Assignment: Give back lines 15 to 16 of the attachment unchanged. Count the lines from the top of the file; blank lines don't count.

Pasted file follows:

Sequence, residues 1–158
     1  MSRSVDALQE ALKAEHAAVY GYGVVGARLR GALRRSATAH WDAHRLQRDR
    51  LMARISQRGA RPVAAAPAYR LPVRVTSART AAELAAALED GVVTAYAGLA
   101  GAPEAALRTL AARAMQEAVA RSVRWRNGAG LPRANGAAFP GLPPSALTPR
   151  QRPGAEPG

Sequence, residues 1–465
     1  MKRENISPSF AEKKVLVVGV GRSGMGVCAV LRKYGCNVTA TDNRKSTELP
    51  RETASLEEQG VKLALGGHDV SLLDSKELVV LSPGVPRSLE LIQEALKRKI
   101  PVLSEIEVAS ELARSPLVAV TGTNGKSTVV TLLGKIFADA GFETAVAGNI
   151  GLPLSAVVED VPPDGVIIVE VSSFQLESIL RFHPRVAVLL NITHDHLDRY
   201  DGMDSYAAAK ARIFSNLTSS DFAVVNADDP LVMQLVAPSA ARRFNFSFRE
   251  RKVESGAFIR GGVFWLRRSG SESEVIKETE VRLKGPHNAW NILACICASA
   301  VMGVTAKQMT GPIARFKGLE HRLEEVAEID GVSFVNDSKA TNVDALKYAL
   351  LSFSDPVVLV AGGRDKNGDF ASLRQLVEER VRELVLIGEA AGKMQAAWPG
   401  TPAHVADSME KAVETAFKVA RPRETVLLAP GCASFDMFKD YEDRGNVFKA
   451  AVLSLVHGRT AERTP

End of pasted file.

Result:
   401  TPAHVADSME KAVETAFKVA RPRETVLLAP GCASFDMFKD YEDRGNVFKA
   451  AVLSLVHGRT AERTP